Disappointed in Advocacy to Grow Government and Deep State

December 15, 2019 Updated: December 15, 2019
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I really enjoy The Epoch Times. Most of your articles are truly informative, well-researched, and balanced.

That said, I was surprised and disappointed in the article published Nov. 21, “Congress Should Hire More Staff, Task Force Says.” The article reported on a task force finding that Congress needs to hire more staff, pay them more, and keep them in place to establish “institutional memory” in order to compete with lobbyists and the Executive branch.

Anyone watching the impeachment hearings ought to see that a large, empowered, and well-paid institution becomes a powerful entity far more interested in sustaining its existence than doing the will of the people. We also see the institution establishing its own beliefs and goals, unable to change or modify to meet the will of a duly elected President or Congress.

That said, there is no argument that lobbyists and government bureaucrats do have far more power and influence than the folks in Congress and their staff. There is a better answer than making the federal government bigger. The answer is in making the federal government smaller and focusing on those issues truly relevant to centralized control.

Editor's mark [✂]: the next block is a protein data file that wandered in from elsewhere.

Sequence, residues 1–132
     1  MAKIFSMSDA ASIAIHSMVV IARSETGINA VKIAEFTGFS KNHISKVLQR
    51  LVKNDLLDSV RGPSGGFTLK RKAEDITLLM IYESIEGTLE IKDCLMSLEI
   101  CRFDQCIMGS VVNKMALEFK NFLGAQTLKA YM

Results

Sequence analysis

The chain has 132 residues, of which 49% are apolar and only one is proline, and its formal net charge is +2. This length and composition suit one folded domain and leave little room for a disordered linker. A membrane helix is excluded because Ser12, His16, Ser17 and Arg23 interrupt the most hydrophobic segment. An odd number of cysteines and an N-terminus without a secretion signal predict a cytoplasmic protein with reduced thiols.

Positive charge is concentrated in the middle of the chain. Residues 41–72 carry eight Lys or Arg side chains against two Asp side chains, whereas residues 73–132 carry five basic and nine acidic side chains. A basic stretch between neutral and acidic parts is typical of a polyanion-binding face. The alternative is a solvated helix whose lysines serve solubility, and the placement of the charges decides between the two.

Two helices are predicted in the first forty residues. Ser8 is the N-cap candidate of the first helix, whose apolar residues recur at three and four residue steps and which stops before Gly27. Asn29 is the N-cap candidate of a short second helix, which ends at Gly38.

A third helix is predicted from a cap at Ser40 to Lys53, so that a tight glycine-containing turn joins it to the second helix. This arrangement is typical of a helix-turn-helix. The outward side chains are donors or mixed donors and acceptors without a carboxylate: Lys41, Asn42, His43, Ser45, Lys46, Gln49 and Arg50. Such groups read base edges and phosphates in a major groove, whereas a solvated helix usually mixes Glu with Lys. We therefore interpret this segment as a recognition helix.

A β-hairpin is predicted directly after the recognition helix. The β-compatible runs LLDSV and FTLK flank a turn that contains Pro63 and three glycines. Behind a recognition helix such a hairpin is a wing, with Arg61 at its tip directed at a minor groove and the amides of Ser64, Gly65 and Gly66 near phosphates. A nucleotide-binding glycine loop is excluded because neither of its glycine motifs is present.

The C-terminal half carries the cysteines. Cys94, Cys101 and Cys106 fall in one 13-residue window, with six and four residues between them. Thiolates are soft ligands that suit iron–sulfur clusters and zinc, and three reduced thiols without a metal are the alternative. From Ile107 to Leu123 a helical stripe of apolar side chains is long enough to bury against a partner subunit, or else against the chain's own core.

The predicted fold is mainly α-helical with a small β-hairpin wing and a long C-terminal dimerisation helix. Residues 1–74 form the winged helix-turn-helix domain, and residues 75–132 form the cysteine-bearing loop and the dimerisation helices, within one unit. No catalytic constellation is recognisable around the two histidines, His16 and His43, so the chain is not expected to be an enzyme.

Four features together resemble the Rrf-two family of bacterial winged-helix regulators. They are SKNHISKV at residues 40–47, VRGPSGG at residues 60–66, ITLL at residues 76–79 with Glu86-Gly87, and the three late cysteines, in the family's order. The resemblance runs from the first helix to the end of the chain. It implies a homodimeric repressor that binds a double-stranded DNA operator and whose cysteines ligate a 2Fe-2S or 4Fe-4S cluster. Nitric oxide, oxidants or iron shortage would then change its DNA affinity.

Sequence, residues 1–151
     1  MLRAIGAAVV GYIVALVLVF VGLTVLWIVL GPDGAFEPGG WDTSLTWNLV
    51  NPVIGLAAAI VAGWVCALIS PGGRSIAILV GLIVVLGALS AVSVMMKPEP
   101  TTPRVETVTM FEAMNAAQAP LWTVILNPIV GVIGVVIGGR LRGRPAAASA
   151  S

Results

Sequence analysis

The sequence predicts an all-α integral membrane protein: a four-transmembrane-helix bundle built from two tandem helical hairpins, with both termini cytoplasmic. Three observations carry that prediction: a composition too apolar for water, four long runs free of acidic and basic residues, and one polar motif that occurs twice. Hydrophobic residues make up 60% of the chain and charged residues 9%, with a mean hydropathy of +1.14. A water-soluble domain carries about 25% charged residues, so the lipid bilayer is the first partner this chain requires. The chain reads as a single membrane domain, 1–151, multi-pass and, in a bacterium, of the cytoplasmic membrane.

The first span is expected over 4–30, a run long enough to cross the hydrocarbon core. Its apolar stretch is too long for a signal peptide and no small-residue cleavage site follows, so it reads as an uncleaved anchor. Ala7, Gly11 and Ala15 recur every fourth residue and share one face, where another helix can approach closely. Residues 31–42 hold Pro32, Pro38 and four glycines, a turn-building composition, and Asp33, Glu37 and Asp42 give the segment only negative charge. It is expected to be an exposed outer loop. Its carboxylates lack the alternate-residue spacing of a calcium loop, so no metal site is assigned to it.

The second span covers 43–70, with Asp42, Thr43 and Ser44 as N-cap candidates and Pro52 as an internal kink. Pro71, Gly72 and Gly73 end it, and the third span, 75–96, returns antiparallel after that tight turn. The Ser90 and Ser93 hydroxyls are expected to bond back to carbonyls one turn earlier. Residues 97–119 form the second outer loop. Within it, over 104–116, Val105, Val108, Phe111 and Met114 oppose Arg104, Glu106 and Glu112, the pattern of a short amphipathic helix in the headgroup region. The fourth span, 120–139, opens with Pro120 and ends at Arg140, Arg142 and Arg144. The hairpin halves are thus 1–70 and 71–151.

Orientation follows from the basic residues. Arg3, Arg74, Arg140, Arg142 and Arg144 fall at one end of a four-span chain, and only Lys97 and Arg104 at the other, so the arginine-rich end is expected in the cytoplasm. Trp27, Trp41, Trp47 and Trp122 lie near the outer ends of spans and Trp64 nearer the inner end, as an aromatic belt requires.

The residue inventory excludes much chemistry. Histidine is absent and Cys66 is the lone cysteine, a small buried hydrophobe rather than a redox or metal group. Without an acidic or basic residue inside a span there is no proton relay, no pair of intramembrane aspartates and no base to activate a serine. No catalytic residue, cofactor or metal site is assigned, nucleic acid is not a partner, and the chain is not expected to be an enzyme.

Congress can increase its power by returning to its constitutional structure. They should eliminate all the Executive branch departments which are not itemized in the Constitution, including Education and Energy and more. They should repeal and not replace all federal legislation relating to these departments. Without federal oversight and intrusion, states will take over their rightful responsibilities in these areas. United States Parents Involved in Education has developed a blueprint for Ending All Federal Involvement in Education. You can find it at USPIE.org.

Then, Congress should return to the practice of passing small, well-defined, easily understood legislation. This approach eliminates the need for hundreds of experts and lawyers. This approach empowers all citizens to be able to understand and provide feedback to their elected federal officials. This approach reduces the need for Executive bureaucrats to become legislators, executives, and judges, as they are no longer needed to write pages and pages of regulation.

I was very disappointed that your article offered no alternative to solving the bloated power of government beyond making it more bloated and more powerful.

Melanie
Michigan